Customer Reviews

I recommend this well-thought-out and well-written book highly.
Terry V. Barham
There is almost a rushed feeling to some of the arguments, as if he wants to get them on the table very fast.
Patrick McCormack
I also noticed that some of MacIntyre's followers call themselves revolutionary Aristotelians!
Ashtar Command

Most Helpful Customer Reviews

88 of 92 people found the following review helpful By TMC on June 24, 2000
Format: Paperback
After Virtue is a delightful book which presents the contemporary problem of moral philosophy today. MacIntyre says that there is an interminability of moral debate today. No consensus solution to the variety of moral issues such as abortion and war will present itself because proponents of both sides of the arguments in these two issues argue from a different set of premises from a different tradition of moral philosophy. You have Thomistic ideals of the value of life and justice against Rousseauist ideals of individuality, for example, in life issues. Can any of the enlightenment moral philosophies really help us make rational, clear decisions about the morality of a particular decision? MacIntyre investigates the moral philosophies of Kant, Hume, & Kierkegard, showing how each of them miserably fail as possible moral systems. Utilitarianism, pragmatism, and emotivism are also wonderfully skewered. With what are we left? It seems as if after the failure of these systems we are left with the Nietzschean amorality of total chaotic relativism. MacIntyre understands the enigma of Nietzsche's ideas and shows how his attacks toppled the pompous, arrogant ideals of the Enlightenment. But Nietzsche's system seems impossible from a human standpoint, since, for example, we are left with the unsettling discovery that events such as the Holocaust are not really "wrong" in any objective sense. MacIntyre interjects that there is another alternative: go back to the source of the Enlightenment project.Read more ›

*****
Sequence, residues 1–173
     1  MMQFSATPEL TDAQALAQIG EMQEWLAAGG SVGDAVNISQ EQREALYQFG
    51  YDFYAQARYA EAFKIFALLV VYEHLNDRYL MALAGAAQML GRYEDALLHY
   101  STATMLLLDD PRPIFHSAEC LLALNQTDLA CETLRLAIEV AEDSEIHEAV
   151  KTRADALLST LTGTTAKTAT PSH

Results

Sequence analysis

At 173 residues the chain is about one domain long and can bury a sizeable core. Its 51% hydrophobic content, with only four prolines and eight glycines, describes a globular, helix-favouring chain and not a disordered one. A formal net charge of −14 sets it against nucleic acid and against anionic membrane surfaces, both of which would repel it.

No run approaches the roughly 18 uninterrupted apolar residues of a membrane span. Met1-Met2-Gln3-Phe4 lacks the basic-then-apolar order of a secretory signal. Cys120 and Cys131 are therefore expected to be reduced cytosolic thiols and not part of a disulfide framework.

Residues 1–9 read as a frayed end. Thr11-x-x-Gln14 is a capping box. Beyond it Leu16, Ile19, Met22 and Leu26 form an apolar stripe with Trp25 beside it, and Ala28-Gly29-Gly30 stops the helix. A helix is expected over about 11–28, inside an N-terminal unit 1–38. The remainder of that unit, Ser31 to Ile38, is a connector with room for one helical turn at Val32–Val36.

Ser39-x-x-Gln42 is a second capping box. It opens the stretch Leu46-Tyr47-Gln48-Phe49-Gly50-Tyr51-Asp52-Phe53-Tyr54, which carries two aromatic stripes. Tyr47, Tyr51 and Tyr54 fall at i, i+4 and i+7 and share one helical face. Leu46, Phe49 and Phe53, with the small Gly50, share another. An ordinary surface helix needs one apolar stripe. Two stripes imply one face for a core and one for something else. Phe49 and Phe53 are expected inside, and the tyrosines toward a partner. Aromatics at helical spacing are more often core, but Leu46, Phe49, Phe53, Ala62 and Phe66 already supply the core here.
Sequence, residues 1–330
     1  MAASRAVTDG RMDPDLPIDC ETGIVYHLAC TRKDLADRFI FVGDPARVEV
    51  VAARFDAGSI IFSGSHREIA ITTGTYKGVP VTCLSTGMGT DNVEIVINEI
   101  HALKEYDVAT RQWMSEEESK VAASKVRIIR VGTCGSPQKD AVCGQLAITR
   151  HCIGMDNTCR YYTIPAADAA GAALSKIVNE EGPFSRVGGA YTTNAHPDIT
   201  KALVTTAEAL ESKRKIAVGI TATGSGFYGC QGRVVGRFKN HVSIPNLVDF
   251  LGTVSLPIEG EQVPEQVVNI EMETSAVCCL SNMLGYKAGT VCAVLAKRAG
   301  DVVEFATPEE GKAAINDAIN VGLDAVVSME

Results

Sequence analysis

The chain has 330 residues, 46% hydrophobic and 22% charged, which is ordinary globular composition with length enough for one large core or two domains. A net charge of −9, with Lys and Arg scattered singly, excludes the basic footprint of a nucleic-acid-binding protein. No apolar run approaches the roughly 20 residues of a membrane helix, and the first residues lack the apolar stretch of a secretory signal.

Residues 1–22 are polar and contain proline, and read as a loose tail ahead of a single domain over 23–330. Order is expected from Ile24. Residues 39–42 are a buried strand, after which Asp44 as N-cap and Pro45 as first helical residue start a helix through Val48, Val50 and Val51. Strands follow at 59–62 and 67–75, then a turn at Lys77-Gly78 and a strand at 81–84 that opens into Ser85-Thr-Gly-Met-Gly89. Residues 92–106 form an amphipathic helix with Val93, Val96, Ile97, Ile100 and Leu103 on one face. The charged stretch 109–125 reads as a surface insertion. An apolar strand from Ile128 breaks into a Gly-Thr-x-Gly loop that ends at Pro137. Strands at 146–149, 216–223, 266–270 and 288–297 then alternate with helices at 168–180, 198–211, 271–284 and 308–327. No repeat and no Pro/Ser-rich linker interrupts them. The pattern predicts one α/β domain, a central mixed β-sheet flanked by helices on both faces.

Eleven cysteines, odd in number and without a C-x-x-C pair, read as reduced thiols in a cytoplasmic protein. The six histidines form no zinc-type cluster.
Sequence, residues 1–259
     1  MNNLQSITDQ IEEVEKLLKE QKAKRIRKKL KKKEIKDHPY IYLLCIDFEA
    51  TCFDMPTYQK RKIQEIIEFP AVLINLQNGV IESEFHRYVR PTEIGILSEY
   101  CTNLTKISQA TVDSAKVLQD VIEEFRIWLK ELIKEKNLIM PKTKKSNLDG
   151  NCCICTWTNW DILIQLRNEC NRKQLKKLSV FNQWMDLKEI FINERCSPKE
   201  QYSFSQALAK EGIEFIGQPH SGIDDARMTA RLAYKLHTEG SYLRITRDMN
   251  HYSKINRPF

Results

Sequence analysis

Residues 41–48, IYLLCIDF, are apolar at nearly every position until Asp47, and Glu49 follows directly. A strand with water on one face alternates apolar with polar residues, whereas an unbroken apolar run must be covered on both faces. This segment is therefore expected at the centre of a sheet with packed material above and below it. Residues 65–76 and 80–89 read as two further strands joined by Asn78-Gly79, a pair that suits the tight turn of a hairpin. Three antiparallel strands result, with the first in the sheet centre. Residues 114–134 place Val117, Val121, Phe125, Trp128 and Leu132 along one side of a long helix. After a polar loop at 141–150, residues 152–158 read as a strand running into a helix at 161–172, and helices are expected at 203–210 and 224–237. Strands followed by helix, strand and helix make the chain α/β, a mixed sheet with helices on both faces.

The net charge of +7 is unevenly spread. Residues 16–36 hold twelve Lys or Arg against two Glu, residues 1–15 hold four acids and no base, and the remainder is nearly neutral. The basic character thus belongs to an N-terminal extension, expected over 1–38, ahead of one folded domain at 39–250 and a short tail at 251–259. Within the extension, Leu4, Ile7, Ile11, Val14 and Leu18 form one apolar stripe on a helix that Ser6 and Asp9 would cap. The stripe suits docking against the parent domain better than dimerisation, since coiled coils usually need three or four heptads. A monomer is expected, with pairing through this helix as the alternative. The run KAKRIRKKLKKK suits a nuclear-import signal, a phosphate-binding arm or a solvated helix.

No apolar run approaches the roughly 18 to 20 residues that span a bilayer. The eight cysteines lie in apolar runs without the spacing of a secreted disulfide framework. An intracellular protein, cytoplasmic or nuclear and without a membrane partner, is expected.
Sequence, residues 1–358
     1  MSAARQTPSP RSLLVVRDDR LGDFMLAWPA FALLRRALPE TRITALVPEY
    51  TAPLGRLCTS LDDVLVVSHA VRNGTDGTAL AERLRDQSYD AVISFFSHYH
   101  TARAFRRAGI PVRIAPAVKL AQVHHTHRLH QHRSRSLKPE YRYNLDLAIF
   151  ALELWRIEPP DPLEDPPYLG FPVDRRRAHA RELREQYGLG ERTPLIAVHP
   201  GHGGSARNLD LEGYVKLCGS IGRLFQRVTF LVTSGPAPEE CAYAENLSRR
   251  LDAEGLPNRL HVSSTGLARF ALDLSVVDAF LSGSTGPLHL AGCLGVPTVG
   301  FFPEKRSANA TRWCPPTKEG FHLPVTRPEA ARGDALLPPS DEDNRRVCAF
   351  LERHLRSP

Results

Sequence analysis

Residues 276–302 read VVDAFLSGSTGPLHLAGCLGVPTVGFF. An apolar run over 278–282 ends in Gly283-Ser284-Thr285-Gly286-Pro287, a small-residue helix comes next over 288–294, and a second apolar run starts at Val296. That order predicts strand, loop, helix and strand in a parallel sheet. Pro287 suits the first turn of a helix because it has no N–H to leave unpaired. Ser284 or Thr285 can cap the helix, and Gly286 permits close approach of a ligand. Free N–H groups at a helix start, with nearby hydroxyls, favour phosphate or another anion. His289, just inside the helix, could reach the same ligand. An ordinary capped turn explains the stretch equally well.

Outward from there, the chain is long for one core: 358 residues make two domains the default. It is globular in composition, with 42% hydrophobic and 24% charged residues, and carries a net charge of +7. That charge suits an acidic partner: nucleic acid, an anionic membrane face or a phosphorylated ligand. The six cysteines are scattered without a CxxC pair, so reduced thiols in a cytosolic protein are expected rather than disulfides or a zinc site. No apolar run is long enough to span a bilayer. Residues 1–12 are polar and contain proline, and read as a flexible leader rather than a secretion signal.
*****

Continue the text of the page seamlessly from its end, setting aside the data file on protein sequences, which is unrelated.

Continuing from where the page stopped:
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50 of 51 people found the following review helpful By Mennonite Medievalist on March 21, 2005
Format: Paperback
I read this book conflicted. On the one hand the book contained sentences, frequent sentences, of such numbing bodilessness as "For beside rights and utility, among the central moral fictions of the age we have to place the peculiarly managerial fiction embodied in the claim to possess systematic effectiveness in controlling certain aspects of social reality." On the other hand the book was so fascinating I could scarcely put it down at points. It felt like masochism.

All this to say: MacIntyre writes a moral thriller of great drama and urgency. He writes it with a tactic used by more conventional suspense novelists like Ruth Rendell: give the end at the beginning, then explain how such a bizarre and catastrophic end came to be. Our moral language assumes a universality we do not believe, he argues at the beginning. How have our moral beliefs become so ruptured from (and so much smaller than) the language we use to describe them? That rupture is the history he traces. The setting is the Western world; the characters are philosophers; the plot is the murder of Aristotle. Who killed him? Was it Hume in the Enlightenment with the candlestick? Was it Machiavelli in the Renaissance? Was it Kierkegaard the Dane with a book: Enten-Eller? Was it the Bloomsbury group with their emotivist approach to ethics? Was it, after all has been said and done, Nietzsche?